25 March, 2021
Finastra: 5 innovation trends that will transform retail banking in 2021

Consumer banking is set to adopt more open architectures and better leverage data, according to Finastra

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By Finastra

 

Content sponsored by FinastraFrom open banking to intelligent automation: financial institutions will find that technology will be an ally in 2021 to excel in their performance and improve their user acquisition rates.

While the COVID-19 crisis prompted the rapid adoption of digital channels, allowing millions of consumers to access banking services and institutions to keep up with market needs, now is no time to relax.

In 2021, it will be crucial to generate digital efficiency in all operations, make processes more flexible, reduce development times and offer better services to users in general, who are becoming more and more demanding every day.

Finastra, a global provider of software and cloud solutions for financial institutions, has set out 5 technology trends to achieve these objectives. Here is a summary.

To learn more about this or the solutions that Finastra can offer you to meet these challenges, fill out the form here.

 

1. State-of-the-art banking automation

Robotic Process Automation (RPA) allows taking repetitive tasks from an organization’s workers and transferring them to computer systems for execution; especially back-office tasks, such as finance, accounting, or supply chain management processes.

The most innovative solution providers have recently combined the benefits of RPA with Artificial Intelligence (AI) to create better workflows, which can significantly reduce the time spent on compliance.

The combination of these two tools has the potential to translate into significant savings for the organization, as RPA alone can reduce costs by 25% to 50%, according to the Institute for Robotic Process Automation and Artificial Intelligence.

 

2. Move to the cloud

Bank’s legacy systems, which for decades were the backbone of innovation in the sector, are now becoming a drag on agility. As competition in the sector grows, banks have begun to react to the speed of change and invested 48% of their technology budgets in the cloud in 2020, according to a report by consulting firm Capgemini.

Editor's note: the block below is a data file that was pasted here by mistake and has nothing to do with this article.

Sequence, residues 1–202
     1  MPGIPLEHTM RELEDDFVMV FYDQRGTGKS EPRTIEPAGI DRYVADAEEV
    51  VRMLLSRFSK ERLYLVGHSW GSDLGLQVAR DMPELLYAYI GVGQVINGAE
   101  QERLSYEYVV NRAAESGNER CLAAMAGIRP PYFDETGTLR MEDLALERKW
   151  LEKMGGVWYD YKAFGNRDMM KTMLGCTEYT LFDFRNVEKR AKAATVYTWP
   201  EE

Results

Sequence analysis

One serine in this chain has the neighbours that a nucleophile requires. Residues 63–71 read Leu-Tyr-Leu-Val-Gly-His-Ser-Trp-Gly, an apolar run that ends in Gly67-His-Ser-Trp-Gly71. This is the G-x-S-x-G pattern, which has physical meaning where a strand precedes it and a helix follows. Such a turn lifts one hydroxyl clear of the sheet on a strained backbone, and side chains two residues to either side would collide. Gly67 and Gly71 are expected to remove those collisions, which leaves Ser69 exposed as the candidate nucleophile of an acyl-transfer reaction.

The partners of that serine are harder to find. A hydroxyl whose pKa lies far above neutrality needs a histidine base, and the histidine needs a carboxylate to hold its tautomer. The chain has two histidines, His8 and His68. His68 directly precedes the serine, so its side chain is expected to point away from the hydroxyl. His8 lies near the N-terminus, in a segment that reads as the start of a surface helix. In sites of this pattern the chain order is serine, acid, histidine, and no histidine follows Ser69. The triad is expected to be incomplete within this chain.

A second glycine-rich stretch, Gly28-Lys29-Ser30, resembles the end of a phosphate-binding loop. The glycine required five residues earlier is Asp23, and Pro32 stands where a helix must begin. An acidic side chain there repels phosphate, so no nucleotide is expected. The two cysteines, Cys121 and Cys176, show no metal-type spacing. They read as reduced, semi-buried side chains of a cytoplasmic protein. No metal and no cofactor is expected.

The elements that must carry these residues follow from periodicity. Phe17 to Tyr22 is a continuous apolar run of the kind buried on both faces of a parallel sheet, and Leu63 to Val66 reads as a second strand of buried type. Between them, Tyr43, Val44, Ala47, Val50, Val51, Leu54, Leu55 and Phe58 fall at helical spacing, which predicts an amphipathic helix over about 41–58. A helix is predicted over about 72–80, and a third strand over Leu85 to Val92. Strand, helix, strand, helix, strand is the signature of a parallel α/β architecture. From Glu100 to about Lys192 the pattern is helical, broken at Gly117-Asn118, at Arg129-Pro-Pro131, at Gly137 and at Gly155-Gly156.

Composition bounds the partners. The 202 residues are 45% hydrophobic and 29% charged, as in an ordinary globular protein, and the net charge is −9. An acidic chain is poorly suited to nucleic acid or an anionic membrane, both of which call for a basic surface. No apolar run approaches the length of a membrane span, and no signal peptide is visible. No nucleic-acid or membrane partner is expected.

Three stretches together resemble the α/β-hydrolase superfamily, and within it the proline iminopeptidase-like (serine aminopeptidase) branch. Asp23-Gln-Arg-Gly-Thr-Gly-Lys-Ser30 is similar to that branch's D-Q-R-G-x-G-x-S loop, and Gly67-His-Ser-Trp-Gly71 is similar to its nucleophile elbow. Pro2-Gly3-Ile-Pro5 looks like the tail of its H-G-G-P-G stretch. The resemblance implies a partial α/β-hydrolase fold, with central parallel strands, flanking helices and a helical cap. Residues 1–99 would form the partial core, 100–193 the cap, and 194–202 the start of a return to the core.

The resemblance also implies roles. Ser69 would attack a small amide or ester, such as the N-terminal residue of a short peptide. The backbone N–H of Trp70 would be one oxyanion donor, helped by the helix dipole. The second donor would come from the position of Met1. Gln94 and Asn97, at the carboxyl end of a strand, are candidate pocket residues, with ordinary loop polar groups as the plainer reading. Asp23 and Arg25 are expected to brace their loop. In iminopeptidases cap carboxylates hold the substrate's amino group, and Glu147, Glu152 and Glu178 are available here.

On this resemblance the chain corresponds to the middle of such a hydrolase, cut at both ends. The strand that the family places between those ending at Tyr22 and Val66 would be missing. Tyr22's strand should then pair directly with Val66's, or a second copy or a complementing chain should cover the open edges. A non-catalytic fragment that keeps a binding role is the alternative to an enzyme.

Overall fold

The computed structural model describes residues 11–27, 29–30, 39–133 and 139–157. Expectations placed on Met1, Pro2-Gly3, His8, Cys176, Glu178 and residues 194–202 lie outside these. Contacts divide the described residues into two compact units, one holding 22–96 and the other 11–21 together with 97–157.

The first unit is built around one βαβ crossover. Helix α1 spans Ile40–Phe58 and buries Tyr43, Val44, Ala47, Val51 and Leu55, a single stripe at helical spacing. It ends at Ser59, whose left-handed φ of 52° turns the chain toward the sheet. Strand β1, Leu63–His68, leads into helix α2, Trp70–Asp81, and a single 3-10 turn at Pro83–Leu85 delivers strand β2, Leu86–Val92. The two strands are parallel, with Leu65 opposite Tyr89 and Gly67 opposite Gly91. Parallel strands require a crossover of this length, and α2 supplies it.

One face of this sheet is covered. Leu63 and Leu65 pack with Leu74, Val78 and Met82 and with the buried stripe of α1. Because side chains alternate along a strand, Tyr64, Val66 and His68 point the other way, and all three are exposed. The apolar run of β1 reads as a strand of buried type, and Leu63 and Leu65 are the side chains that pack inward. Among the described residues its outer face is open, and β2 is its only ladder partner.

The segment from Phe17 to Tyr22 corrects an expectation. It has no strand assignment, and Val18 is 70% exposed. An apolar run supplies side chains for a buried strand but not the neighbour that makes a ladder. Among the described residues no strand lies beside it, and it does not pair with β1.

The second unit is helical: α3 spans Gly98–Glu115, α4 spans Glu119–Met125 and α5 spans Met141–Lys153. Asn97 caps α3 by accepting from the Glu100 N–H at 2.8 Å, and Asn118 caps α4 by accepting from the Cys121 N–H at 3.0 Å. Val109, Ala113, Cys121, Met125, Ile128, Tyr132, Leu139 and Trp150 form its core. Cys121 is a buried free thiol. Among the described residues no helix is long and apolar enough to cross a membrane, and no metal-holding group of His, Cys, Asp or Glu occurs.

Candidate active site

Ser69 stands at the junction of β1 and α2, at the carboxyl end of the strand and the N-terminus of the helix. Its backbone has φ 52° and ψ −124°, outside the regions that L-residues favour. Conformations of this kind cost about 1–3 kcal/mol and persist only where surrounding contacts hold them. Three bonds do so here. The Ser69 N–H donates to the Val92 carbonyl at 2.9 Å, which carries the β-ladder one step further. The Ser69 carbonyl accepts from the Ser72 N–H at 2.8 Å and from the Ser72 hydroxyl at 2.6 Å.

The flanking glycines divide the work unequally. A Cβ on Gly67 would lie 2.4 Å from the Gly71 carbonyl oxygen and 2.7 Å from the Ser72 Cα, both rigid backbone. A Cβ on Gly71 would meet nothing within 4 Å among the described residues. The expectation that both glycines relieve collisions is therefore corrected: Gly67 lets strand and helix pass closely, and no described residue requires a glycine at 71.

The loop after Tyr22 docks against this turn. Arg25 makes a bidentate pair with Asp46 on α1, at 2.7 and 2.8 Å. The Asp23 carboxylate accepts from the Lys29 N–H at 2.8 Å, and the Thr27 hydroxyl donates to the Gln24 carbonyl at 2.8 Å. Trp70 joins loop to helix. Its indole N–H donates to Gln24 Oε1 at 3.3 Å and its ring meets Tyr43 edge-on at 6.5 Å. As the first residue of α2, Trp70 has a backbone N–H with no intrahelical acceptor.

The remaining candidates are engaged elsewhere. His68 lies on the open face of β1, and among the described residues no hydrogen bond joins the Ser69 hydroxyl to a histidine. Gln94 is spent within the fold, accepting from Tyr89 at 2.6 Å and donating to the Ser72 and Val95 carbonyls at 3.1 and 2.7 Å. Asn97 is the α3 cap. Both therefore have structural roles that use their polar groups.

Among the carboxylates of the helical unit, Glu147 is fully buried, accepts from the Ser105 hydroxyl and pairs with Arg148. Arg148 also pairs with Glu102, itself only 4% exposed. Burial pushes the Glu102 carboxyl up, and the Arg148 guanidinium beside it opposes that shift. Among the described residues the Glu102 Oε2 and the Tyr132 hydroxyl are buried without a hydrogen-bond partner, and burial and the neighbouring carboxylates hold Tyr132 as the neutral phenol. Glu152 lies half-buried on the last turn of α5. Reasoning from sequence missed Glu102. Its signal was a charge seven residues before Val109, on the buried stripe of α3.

Cloud capabilities (public, private and hybrid) are helping financial institutions improve their development times, especially through APIs to connect legacy systems to microservices platforms, in a matter of days rather than months.

This opens opportunities for institutions to improve their user interfaces quickly, while investing in the migration of their architecture to the cloud.

 

3. Open Banking is the future

Most banking institutions will have better returns on their investment if, instead of developing their own cloud-native APIs, they leverage the capabilities of open banking and seek partnerships within the ecosystem, where innovation tools are continuously developed to drive deposit and loan growth.

Open banking also works in two ways. Banks can place their products in other company’s apps, to retail giants, fintechs or gig economy platforms the facilities to channel transactions.

So, without the need for service contracts or costly procurement processes, institutions can easily adopt new products as needed and multiply their market presence.

 

4. Data analytics to boost growth

It is increasingly necessary for financial institutions to make accurate, real-time assessments of their potential and the needs of their customers. Accordingly, AI and machine learning provide information, both descriptive and predictive, to anticipate trends, detect user demands and provide personalized services.

New analytics solutions can obtain and process large pools of information from internal and external sources, such as payment systems, enabling them to paint more accurate diagnostic pictures.

 

5. Preparing for new regulatory processes

AI and machine learning tools are constantly being updated and “learning” new patterns, proving especially useful for defending the security of institutions and identifying cybercrime threats in real time.

Considering this, it is quite likely that many regulatory authorities will begin to require the use of these tools given the rise of digital products, which have also driven the rise of data breaches, cyber-attacks, money laundering and fraud.

To read Finastra‘s full report on trends for retail banking, click here.

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